In this paper we investigate the structure of pricing mechanism in LNG (liquefied natural gas) markets both in the high and low oil price environments. Despite numerous reports and articles explain LNG industry, only a few academic papers focus on the dynamics behind the price mechanism. Given the fact that the long term contracts come along with take-or-pay obligation, an interesting question is why contract prices remain higher than spot prices for long periods of time. We describe these transactions in LNG markets from the perspective of Williamson’s (1985) asset specificity theory and analyze the dynamics behind contract and spot prices in European and Asian markets. We conduct Granger Causality Test and apply Error Correction Model to evaluate the short- and long-term relationships between spot and contract prices in LNG markets. The test results indicate that while the spot and contract prices do not Granger cause each other in Europe, contract prices do Granger cause spot prices, and oil prices Granger cause both spot and contract prices in Asia. Error Correction mechanism that is constructed with the inclusion of all related determinants also draw interesting conclusions about the impacts of short and long run causality particularly in European markets.

Rhonda R. Corman,

General Economics
David Aske,

University of Northern Colorado


“Developing an Operational Placement Model of Institutions"
Throughout history institutions have been an integral component of societal development, whether they be governmental, political, fraternal, or religious. The question inspiring this research is if that influential impact varied over time. Recent developments indicate that certain institutional bodies have experienced significant gains in power and influence that is leading to stark societal disruption. Reasons may be attributed to social media which allows for the message of such institutions to more rapidly disperse and be “louder”; or perhaps it can be related to a change in strategy, allowing their messages to “speak” to the people in ways that illicit greater response. In order to address these questions, the authors have worked to first understand the differentiation in motives, intent, purpose, and goals of varying institutions and develop an institutional placement grid by integrating components of place-building theory, systems theory, and game theory. This presentation will focus on the methodologies employed in grid development, explanation of the operational placement model, and a discussion of some inference to patterns of institutional interaction."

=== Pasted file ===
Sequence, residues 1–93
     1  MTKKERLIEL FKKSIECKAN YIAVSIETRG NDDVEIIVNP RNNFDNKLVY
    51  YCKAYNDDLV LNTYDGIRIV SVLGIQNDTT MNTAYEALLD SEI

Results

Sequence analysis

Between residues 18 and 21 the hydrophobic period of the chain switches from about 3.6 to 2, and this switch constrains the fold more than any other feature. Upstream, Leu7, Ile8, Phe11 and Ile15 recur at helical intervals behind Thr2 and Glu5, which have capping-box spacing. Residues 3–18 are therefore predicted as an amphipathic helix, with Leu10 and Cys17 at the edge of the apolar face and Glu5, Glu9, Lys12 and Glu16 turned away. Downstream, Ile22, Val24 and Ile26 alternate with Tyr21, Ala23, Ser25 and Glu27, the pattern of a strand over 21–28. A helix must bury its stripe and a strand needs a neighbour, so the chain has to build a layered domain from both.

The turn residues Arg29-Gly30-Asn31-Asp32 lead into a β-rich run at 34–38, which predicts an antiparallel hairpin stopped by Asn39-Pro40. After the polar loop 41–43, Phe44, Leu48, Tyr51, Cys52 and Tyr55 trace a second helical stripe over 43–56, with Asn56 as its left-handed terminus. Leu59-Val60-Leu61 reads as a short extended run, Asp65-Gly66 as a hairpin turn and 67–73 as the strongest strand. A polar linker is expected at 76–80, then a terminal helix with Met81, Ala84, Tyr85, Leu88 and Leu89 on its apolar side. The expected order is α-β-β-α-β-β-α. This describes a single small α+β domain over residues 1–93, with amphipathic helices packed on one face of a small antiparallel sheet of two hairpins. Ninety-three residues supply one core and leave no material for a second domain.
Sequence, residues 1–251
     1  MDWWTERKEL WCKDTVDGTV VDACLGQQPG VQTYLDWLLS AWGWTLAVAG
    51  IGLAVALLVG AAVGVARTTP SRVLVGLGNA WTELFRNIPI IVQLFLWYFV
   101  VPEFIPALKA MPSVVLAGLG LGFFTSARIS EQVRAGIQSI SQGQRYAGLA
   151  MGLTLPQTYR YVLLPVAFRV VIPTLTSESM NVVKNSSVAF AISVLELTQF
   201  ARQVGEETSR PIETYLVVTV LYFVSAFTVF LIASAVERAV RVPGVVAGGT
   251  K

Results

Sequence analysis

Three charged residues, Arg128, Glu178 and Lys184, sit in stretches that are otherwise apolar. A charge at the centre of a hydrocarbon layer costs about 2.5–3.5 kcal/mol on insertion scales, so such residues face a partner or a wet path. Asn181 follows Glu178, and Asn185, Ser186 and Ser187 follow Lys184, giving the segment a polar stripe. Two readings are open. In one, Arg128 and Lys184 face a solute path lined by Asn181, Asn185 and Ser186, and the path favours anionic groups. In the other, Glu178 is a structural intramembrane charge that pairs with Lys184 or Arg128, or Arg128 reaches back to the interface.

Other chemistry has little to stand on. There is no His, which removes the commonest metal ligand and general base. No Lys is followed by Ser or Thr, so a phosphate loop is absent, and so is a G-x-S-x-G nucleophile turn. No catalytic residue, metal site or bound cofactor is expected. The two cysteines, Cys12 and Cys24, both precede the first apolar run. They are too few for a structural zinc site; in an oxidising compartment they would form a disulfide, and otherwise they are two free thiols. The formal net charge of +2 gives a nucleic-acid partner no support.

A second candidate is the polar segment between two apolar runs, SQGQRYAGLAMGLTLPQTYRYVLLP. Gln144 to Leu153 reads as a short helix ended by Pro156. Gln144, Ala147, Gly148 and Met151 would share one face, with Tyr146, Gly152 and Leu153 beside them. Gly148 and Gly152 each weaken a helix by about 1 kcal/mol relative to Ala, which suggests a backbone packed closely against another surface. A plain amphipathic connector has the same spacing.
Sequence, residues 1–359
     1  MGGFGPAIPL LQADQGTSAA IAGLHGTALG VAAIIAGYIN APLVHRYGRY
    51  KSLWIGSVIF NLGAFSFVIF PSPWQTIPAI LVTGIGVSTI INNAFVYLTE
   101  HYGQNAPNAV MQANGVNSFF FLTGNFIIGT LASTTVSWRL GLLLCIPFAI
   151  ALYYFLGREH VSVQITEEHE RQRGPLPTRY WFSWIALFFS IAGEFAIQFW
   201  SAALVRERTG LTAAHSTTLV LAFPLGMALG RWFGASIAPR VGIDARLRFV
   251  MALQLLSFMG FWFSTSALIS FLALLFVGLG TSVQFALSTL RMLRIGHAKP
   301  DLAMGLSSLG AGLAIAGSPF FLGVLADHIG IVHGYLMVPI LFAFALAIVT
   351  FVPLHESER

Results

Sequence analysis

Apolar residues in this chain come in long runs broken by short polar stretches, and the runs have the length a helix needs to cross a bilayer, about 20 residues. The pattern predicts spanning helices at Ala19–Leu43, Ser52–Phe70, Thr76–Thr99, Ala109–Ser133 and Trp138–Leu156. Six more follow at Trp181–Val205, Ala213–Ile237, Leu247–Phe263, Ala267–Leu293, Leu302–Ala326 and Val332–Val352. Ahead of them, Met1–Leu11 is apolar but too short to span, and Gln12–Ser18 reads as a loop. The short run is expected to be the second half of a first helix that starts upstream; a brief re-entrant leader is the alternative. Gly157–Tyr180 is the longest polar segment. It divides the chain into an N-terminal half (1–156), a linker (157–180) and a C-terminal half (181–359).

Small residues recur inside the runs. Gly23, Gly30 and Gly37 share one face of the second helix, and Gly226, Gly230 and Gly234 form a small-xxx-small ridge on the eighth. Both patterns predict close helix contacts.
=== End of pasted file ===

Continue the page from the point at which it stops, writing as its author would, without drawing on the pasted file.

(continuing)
Karl R. Geisler,

New Mexico State University
“Dichotomy of Recovery: Nevada Tourism and the Great Recession"
Following the Great Recession, tourism to Southern Nevada has rebounded while tourism to Northern Nevada has stagnated. Using tourism data from the Nevada Commission on Tourism, the difference in the recovery of the Las Vegas area of Southern Nevada is compared to that of Washoe County (Reno) in Northern Nevada. These changes are put into context using economic theory, including the growing body of economics literature dealing with commercial gaming. The future potential for each industry is then discussed in the larger context of Nevada’s state economy.

Eric Gibbons,

University of Nevada, Reno
"Occupational Substitutability"
Occupational mobility reflects how able workers are in reallocating their skills across different sets of technologies. This paper explores how technological differences across occupations affect workers’ occupation choices and how technological change has contributed to occupational mobility. Using tasks to measure technological distance between occupations well explains occupation choices of workers. In general, workers experience higher costs in the reallocation of skills to occupations that are more technologically intensive in a given task measure. Workers employed in technologically isolated occupations are least sensitive to technological change. Additional, the paper will explore how task specific technological change determines occupational transitions. Technological change within specific tasks has a heterogeneous effect on occupation transitions.

Thomas Harris,

University of Nevada, Reno
Jeffery Stroup,

University of Nevada, Reno


"Use of Multi-Regional Interindustry Model to Target Industrial Gaps and Disconnects for Economic Development: A Sierra Pacific Megapolitan Area Example"
In studying regional economic development, the U.S. Census has developed classification schemes to provide a hierarchy class of the nation’s counties. Metropolitan areas are often used to classify urban areas of economic trade and development. However, recognizing community patterned trade between metropolitan counties, a new classification has been developed by Virginia Tech geographers called “Megapolitan Areas.” These Megapolitan Areas are forecasted to be places of future national economic growth and development. Megapolitan Areas are expected to add at least 83 million people (the current population of Germany) by 2040, accounting for seven in every ten new Americans. By 2040, a projected $33.0 trillion will be spent on Megapolitan building construction. This figure represents over three quarters of all the capital that will be expended nationally on private real estate development. Megapolitan Areas are a growing force in globalization and drive the integration of continental economies into the increasing integrated world economy. The Sierra Pacific Megapolitan Region includes parts of two states, which are California and Nevada. The Sierra Pacific Megapolitan Region contains twenty-one (21) counties in California.

Jack W. Hou,

California State University, Long Beach
“Causal Mechanisms in the Intergenerational Transmission of Income in China"